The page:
Frequently Asked Questions

Frequently Asked Questions

  • Can I be compensated even if the accident was my fault?

    Compensation if the accident was your fault depends on the laws of your state. In some states, who was at fault in the accident is not considered with regard to compensation. In those states, part or all of your economic damages may be paid by your no-fault insurance policy. In other states, which driver is responsible for the accident is vitally important. You may be able to obtain compensation for your injuries even if the accident was partially your fault. In that case, you will have to show that the other driver was more responsible than you were in causing the collision. Additionally, damages caused by your negligence are not recoverable.

  • Who has to pay compensation for my injuries?

    In some cases, a person who was injured in an accident may be able to sue other people than just the responsible driver. For example, if the responsible driver did not own the car he or she was driving, you may be able to sue the car’s owner. If the responsible driver was drunk, you may be able to sue the person who served him or her alcohol, if that person served the driver even though he or she was obviously drunk. In other cases, you might be able to sue a person who wasn’t involved in the accident, such as an automobile manufacturing company or a construction company, if there was a defect in the vehicle or the road that caused the accident. If the accident involved a semi-truck and the driver violated rules and regulations, you may be able to sue their employer.

  • How much compensation can I get?

    The amount of compensation in each case varies widely. Compensation can depend on many variables and the amount can’t be determined without analysis of the injury, medical costs, loss of wages, and the permanency of the injury. There is no set rule for compensation and each case is unique.

  • Will I have to go to court?

    Many motor vehicle accident cases do not result in a jury trial. Most lawsuits are settled without a trial. Settlements avoid the cost and the huge time commitment of a trial and may result in a greater amount of compensation than a trial. However, if the case can’t be settled in a way that is acceptable to both sides, then it may be necessary to try the case to a jury verdict.

  • Where will the money to pay for my injuries come from?

    The responsible driver’s insurance company pays your compensation in many states. If you are in a no-fault insurance system state, your own insurance company may pay some of your compensation. If the responsible party doesn’t have enough insurance cover to compensate you for all of your injuries, your own underinsured motorist coverage insurance policy may have coverage for the remainder of your compensation.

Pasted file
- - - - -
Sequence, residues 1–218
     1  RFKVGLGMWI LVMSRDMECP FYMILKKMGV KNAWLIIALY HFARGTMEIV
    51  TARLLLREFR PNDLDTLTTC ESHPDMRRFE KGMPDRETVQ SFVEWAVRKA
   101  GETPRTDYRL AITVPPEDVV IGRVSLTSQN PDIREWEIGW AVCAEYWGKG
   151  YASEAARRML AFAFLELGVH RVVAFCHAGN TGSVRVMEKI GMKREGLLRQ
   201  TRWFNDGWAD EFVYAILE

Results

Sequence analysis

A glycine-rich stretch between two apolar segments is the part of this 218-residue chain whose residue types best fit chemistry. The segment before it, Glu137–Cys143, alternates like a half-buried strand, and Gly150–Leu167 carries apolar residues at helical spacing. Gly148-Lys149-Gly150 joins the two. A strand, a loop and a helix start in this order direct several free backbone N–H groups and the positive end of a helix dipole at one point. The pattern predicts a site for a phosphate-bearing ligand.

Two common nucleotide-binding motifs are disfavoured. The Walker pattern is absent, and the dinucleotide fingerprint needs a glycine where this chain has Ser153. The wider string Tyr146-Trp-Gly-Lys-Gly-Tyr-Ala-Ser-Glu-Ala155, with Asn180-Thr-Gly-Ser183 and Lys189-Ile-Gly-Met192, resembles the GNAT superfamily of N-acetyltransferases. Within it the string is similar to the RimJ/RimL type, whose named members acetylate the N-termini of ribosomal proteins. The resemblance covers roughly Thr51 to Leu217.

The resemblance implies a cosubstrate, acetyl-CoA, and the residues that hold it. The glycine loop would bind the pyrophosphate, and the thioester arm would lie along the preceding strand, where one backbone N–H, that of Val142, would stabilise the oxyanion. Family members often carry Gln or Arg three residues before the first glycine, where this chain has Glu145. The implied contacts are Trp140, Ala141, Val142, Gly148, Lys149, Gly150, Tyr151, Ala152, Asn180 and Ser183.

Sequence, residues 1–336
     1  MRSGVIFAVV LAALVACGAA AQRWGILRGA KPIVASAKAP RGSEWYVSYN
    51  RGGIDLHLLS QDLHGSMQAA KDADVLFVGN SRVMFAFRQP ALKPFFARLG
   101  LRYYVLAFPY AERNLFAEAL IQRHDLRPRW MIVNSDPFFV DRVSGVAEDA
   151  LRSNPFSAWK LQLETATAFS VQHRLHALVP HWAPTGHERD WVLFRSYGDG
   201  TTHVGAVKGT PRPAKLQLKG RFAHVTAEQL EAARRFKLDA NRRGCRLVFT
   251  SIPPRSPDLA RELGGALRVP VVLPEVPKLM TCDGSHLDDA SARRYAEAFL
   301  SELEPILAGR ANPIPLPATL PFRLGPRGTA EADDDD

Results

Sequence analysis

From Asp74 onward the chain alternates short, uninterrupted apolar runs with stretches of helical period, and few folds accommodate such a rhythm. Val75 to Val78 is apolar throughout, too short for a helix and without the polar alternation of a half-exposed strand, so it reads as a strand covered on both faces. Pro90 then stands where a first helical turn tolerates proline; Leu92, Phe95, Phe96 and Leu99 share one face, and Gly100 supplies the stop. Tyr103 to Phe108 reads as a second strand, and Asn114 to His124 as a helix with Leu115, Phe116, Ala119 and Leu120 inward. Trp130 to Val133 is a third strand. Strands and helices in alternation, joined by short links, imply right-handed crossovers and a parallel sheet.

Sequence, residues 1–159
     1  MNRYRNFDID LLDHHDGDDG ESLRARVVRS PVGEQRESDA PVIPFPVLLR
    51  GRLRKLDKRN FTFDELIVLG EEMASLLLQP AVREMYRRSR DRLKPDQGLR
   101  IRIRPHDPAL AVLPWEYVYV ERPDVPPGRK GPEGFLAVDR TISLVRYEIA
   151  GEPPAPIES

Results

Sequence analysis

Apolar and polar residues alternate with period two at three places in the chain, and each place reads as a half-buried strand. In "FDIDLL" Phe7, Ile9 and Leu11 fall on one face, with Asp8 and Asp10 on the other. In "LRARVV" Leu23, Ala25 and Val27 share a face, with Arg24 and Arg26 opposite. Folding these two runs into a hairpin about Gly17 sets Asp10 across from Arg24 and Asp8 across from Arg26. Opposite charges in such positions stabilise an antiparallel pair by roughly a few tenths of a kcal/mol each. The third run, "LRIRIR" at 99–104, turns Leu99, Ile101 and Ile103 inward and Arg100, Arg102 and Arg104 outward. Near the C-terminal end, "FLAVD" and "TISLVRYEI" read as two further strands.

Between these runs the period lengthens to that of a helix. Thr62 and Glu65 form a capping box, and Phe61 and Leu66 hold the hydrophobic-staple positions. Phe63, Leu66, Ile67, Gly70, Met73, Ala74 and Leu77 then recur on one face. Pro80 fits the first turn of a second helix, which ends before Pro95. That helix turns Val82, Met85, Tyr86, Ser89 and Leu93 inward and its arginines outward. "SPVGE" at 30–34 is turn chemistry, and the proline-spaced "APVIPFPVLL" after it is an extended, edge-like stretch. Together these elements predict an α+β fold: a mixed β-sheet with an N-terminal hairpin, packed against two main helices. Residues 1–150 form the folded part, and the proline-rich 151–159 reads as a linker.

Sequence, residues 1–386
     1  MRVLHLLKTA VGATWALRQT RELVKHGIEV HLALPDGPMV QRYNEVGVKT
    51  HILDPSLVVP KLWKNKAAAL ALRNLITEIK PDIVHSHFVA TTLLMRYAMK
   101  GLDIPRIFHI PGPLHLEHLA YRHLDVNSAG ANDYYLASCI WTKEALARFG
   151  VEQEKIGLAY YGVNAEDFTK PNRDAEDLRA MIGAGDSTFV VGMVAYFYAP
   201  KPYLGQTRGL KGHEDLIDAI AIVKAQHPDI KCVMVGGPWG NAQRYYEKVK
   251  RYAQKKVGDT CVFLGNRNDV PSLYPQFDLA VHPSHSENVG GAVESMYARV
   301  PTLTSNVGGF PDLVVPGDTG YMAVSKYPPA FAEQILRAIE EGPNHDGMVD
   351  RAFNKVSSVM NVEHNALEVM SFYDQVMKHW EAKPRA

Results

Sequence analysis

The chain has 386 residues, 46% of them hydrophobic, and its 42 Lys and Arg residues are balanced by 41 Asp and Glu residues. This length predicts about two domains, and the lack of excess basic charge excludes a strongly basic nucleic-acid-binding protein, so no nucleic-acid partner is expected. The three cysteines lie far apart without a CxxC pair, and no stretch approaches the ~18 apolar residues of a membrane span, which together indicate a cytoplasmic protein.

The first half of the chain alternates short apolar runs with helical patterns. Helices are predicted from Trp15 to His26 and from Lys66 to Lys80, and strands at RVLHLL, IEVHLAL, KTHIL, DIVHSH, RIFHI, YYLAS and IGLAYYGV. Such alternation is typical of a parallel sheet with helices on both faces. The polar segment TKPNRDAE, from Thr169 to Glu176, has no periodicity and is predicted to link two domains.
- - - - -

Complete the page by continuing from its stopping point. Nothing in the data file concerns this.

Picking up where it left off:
• When will I get my money?

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  • What do I do if I can't afford a lawyer?

    Many law firms will take your personal injury case on a contingency fee basis. This means that your lawyer will get a percentage of the amount that the lawyer collects for you. If a lawyer is not able to obtain a recovery, many lawyers will still hold the client Responsible for the costs they incurred in pursuing the case. At Brodd law firm, LLC, if we are unable to obtain a recovery on your behalf, you don’t pay anything.

  • Do I have to go to the doctor?

    If you are injured in a motor vehicle accident, you should go to a doctor, both for your peace of mind and to document your injuries to support your case. Often, a car accident injury isn’t apparent right away. Go to your family doctor, an emergency room, or another trained medical professional as soon as any symptoms appear.

  • How soon must I file my claim?

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  • What if the responsible driver or his or her insurance company offers me a check?

    If you accept a check from the responsible driver or his or her insurance company, you may be barred from getting any additional compensation from the driver or the insurer. You shouldn’t accept a check or sign a release until you have spoken with a lawyer. Generally, your lawyer will advise you to wait until you have finished the treatment for your injury and have been released by you doctor, so that you know that you have enough compensation for all of your medical expenses and injuries. An insurance representative may want you to settle your case for the lowest amount of compensation possible and may encourage you not to speak with a lawyer. You should consult with an experienced personal injury lawyer before accepting any payment, signing any release, or settling your claim so that you can make sure that you are receiving fair and full compensation.